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the issue of tibet so drew you to it? it seems like you're so interested in what my grandfather's generation wanted to do for our country, and what they been able to achieve. and i would really like to know what drew you to the tibetan issue? >> guest: 1987, nbc news went to china, was a weeklong investment called changing china. and i wanted it to not just a travelogue but to deal with some of the outstanding issues of human rights. and nothing was more exotic to me than to bet. first of all i was drawn to the geography. it's one of the most stunning place in the world. you land and already at 14,000 feet and it goes up from there. the buddhist culture, the way of life has always been intriguing to me. i have friends who are buddhist.
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if they're not full-time practicing buddhist, they like to leave a big old buddhist lifestyle which is living lightly on the olympics i went to tibet and the chinese thought i was doing kind of a tourism peace but is going there to document what was, in fact, going on in the country under the determination of the beijing regime to eliminate all traces of the buddhist history, if you will, the dod and a theocracy that hadn't been in tibet for a long time but it's a very complex situation but it did get around a lot. the chinese caught on to what i was doing. they were very unhappy with me. i flew out and spent three days with the dalai lama, was found to be not only a wise man but a very reasonable and very level. and almost without ego in entirely. he couldn't have been more
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charming. it became an important part of my interest in life. i continued to follow it all and i've had the chance to see his holiness on many occasions when he has been back here. he gave me, when we left him, a little people. he gave my wife a ring. i have always said she has been engaged to two men in her life, tom brokaw and the dalai lama. >> host: from own, 1964 to new york where he currently lives. we took the train to york and went to the world's fair in flushing meadows. still bound by the convention of her upbringing and the custom of the time, i put on a jacket and tie, and meredith or high heels and toes, despite the sweltering mid-summer heat. one night we spent the equivalent of a third of my weekly salary on two drinks and a couple of small crab cakes served on large plates in the rainbow room at the top of 30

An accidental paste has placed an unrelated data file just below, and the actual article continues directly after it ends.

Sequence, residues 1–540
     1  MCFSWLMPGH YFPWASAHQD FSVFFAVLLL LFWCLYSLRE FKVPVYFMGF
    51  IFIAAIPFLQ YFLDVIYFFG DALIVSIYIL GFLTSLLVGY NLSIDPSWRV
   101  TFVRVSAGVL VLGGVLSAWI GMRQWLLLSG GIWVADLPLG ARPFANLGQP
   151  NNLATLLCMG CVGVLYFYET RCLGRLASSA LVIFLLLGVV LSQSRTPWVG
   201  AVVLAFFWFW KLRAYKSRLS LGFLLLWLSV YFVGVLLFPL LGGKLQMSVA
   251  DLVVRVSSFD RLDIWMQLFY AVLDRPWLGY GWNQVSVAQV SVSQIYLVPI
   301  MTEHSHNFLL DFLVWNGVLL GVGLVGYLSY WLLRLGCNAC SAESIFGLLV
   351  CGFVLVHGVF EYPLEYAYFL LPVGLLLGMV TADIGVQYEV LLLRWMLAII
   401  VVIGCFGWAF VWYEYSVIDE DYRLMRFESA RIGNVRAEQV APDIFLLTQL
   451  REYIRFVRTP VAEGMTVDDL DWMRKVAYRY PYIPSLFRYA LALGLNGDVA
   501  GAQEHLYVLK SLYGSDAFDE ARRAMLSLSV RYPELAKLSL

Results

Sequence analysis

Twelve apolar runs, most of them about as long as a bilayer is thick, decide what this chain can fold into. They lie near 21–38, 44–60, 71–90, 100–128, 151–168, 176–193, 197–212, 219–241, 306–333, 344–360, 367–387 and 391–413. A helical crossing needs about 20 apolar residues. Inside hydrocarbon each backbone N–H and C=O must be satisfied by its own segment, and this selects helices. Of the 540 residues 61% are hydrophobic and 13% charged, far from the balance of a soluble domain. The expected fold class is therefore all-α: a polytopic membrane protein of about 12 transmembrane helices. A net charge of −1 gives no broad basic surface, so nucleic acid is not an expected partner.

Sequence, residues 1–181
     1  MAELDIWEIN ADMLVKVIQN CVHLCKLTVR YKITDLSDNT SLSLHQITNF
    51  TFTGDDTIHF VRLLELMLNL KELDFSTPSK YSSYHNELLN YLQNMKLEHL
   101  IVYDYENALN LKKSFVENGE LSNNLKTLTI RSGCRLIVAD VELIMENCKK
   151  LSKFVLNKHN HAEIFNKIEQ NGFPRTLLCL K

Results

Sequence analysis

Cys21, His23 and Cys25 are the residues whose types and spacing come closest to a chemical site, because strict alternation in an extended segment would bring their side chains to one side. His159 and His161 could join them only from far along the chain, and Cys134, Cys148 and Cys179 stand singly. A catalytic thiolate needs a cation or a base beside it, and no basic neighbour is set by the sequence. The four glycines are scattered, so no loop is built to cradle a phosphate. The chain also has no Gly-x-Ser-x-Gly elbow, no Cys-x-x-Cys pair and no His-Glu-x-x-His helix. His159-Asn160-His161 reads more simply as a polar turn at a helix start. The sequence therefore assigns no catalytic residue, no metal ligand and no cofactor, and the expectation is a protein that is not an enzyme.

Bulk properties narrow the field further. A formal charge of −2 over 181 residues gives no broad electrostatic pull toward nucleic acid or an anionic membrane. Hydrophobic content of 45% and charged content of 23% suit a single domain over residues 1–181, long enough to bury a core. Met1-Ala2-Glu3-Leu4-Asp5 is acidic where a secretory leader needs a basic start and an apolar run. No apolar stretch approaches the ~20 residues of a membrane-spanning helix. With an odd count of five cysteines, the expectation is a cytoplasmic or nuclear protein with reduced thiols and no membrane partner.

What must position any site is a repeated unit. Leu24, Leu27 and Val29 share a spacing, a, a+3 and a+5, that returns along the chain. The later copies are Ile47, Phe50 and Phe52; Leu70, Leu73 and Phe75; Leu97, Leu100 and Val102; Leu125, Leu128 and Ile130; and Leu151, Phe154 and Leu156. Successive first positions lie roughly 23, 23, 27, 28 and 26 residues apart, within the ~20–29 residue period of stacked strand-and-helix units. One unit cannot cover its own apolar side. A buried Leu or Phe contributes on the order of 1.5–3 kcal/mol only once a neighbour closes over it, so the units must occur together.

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rockefeller plaza which is also the address of nbc news. that was in 1964. next call for him comes from california. richard, hi. >> caller: high, mr. brokaw. it's an honor to be speaking with you. originally i'm from los angeles, california, and i used to watch on the 6:00 news on channel four. the reason i did it, my dad always watch the tv news and read the "herald" examiner paper. and i think of all the broadcasters i have ever seen, you're the one that has always intrigued me the most, and my question for you is, of all the president should ever met, which president intrigue you the most, and also what lessons did we learn from watergate? >> guest: that includes the oval office, that's the big lesson, is that no president, no
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matter how skilled he or she may be, has a right to run roughshod over the established principles of law, and their enforcement procedures in this country. richard nixon, the rest of us will spend the rest of our lifetime to figure out who he really was. really was the 40th anniversary of the opening of china but said no more diplomatic and stroke than that. in the postwar years but and yet here was a man who was so paranoid and had such a dark side that he would come in either by omission or by commission, he would let it be known to his aides that they could break into other peoples places to try to get information that might be helpful, and tried to cover it up by using the cia and the fbi, and lying about and thrown overboard his closest aides one after another in an attempt to save himself. so that was an astonishing time.